The Mysterious Rock that Fell from the Skies
January 11, 2020
The meteorite that blazed to the earth in Siberia is steeped in the mystery of the heavens.
Do you remember when a strange fireball with a fiery tail was captured on video whizzing through space in 2013? It disappeared behind dark trees on the horizon, then, there was another flash of light. It was a meteor, blazing a path through the skies of Russia. Many Russians caught the event on their dash cams.
After it struck our planet, there was more drama. Over 1,200 people were injured from the crash to earth—mostly from the broken glass caused by the massive shock waves radiating outward from the point of impact. The meteor had been big—as big as a six-story building, they say.
It may have weighed as much as 13,000 tons before it broke up in our atmosphere. Many of the injuries were to the retinas of the eyes of transfixed gawkers. The heat was so great that some people actually got burns to the skin. They later learned that a large section of the meteor plopped into Lake Chebarkul, where it was retrieved by scientists.
The event happened in the Ural Mountains near Chelyabinsk, Oblast, Russia. Meteorites from this huge celestial gift were no doubt scattered about to undisclosed laboratories for intense scrutiny. Several pieces have wound up in prestigious museums for public viewing. There is even a chunk of the meteor on display in Washington, D.C. in the Longworth Office Building on Capitol Hill.
There is quite a large chunk of the meteor on display at the Chelyabinsk State Historical Museum in west-central Russia. It is resting on a heavy raised display with a thick glass lid covering it. There it is monitored by CCTV—cameras aimed directly on it, 24/7. The video shows every museum-goer that happens to step up to take a peek at the mysterious rock.
In the early weeks of December, the Siberian Times ran an article about an eerie event at the museum and with the article was a short video clip. Early in that month, a security alarm went off. There was not a ready answer why, so the museum staff had to view the CCTV security video.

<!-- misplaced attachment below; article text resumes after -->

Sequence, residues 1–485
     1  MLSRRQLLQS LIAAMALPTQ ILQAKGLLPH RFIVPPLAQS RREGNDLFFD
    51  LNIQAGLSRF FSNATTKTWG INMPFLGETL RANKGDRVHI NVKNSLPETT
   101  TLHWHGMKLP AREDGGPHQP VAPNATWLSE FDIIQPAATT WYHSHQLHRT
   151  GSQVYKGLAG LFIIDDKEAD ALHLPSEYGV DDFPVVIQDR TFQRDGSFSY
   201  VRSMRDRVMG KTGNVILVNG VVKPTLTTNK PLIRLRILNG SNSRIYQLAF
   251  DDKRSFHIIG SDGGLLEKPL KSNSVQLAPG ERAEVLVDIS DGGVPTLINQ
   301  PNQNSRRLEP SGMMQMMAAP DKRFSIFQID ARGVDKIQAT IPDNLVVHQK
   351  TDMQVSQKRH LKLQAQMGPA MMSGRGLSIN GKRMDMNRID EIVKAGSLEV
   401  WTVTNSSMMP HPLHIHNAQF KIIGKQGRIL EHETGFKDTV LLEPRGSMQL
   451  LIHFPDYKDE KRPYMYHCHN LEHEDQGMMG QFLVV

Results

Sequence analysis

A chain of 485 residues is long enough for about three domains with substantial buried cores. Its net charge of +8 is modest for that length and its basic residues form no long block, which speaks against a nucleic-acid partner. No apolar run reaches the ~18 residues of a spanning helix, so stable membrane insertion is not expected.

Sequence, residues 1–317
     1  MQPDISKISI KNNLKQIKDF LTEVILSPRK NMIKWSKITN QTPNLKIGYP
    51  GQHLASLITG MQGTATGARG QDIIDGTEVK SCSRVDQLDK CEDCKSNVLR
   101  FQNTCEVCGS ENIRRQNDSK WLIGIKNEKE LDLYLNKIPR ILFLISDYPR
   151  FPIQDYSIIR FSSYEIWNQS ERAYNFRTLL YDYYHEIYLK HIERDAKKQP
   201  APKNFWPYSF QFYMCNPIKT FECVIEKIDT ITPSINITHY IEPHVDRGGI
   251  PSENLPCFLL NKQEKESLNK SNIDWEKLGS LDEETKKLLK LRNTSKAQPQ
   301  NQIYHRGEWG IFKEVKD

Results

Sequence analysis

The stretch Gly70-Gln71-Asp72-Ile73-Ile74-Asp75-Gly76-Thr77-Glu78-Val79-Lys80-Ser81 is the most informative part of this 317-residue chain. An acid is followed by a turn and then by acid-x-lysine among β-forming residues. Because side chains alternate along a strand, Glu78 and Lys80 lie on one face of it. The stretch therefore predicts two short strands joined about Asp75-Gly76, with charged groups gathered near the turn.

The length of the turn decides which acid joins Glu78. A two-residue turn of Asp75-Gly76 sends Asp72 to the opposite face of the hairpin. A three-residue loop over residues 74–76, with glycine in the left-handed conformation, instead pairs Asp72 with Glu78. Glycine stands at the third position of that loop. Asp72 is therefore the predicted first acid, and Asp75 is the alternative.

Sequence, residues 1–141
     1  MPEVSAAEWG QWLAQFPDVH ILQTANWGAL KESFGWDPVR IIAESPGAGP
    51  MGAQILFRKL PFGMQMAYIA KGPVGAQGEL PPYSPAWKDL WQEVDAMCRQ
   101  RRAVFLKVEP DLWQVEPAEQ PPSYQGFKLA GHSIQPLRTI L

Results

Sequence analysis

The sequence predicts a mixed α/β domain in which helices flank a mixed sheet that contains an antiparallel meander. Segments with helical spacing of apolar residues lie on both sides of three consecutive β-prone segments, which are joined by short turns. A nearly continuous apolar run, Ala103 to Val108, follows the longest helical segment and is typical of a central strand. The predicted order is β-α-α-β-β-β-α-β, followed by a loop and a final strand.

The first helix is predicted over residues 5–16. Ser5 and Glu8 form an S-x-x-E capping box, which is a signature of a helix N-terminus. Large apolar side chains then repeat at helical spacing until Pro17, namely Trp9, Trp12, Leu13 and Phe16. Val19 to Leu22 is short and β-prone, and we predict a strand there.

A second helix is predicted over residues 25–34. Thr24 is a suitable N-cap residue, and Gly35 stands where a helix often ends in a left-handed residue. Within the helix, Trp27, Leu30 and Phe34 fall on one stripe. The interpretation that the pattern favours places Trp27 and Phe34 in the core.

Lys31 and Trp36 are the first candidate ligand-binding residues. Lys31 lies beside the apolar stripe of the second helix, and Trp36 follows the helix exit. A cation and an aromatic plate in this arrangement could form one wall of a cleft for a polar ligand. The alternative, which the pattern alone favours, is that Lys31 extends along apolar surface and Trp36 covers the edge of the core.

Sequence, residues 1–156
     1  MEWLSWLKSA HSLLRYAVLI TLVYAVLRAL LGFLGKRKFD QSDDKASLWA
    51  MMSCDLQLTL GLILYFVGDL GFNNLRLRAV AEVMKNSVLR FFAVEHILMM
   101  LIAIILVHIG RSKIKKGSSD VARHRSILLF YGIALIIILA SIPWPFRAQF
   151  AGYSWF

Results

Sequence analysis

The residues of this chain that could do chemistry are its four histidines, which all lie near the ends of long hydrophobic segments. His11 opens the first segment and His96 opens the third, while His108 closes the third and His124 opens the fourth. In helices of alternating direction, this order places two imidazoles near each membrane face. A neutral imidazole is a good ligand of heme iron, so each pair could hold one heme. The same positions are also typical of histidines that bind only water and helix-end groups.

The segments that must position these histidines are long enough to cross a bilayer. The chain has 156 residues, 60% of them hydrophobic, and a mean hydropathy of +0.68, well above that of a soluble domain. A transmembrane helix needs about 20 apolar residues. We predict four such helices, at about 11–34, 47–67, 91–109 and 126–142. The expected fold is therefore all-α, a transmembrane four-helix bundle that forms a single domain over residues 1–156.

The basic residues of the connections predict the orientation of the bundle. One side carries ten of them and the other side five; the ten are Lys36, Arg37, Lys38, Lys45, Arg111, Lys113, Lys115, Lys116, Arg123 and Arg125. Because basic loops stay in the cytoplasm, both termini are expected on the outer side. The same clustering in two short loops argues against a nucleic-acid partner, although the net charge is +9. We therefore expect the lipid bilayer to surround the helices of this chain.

What they saw was so startling that they viewed it again and again. On the video, several ordinary visitors are seen going up individually to gaze at the meteorite. There is nothing unusual—nothing that would arouse suspicion. If you are not paying attention to the video you will miss what happens.
When there are no people even standing near, the glass lid to the display case clearly rises up a few inches—on its own—then settles back down on top of the display case. What? Yes! It clearly does. You can plainly see it on the video. It levitates. No one has an explanation. There have been repeated examinations of the display case and surroundings.
When questioned, the museum staff did reveal that an odd event had occurred in the room the day before. It seems some pagan worshippers had come to view the meteorite. Had they done some conjuring or something while they were in the room? The staff asked this rhetorical question as a joke, as there is no evidence of anything untoward occurring on the CCTV during the pagans’ visit.
Back in the USA, government employees, visitors to the capitol and security personnel gaze frequently at the chunk of the Chelyabinsk meteor displayed there in the office building. The meteorite is steeped in the mystery of the heavens—but even with all the viewing, no bizarre events have ever been reported happening near our own celestial rock, but yes, something odd could happen.
Sara Marie Hogg is the author of Quite Curious, a collection of true stories about the bizarre and unexplained. Please click HERE to find the book on Amazon.